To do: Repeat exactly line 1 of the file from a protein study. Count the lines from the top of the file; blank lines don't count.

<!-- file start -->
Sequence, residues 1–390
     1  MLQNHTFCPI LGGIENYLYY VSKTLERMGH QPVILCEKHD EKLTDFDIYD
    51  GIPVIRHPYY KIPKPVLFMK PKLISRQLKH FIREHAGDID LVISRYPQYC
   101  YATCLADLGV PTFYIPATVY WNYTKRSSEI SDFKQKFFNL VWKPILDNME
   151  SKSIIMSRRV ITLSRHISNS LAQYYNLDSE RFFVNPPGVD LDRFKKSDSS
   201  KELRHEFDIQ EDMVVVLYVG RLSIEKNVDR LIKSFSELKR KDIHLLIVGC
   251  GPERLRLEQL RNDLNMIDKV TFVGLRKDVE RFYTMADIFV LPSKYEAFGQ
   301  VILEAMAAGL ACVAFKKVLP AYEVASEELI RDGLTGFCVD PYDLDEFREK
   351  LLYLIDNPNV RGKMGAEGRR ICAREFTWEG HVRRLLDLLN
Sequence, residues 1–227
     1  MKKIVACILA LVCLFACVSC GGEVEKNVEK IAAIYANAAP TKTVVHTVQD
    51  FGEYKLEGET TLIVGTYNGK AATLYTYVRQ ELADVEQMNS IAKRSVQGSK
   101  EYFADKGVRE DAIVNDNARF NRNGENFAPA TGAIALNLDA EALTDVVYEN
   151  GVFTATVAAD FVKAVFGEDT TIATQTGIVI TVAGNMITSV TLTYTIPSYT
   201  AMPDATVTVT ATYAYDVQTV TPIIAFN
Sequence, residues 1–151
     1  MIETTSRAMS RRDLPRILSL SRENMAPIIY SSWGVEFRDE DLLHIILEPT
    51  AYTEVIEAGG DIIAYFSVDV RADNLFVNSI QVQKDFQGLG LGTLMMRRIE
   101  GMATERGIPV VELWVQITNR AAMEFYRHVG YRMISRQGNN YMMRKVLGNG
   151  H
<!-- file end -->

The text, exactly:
Sequence, residues 1–390